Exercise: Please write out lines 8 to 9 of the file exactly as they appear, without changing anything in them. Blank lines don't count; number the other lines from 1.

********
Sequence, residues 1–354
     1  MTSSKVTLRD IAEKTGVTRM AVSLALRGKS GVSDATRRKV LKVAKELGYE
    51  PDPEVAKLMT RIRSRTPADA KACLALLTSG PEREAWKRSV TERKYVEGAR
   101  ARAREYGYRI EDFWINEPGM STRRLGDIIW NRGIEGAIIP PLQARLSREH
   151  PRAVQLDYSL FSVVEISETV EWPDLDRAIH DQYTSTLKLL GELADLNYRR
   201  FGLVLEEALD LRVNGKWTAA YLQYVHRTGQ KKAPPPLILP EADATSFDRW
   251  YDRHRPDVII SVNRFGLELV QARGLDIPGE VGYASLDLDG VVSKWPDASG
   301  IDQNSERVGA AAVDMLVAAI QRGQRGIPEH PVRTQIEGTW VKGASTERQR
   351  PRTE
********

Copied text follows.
   301  IDQNSERVGA AAVDMLVAAI QRGQRGIPEH PVRTQIEGTW VKGASTERQR
   351  PRTE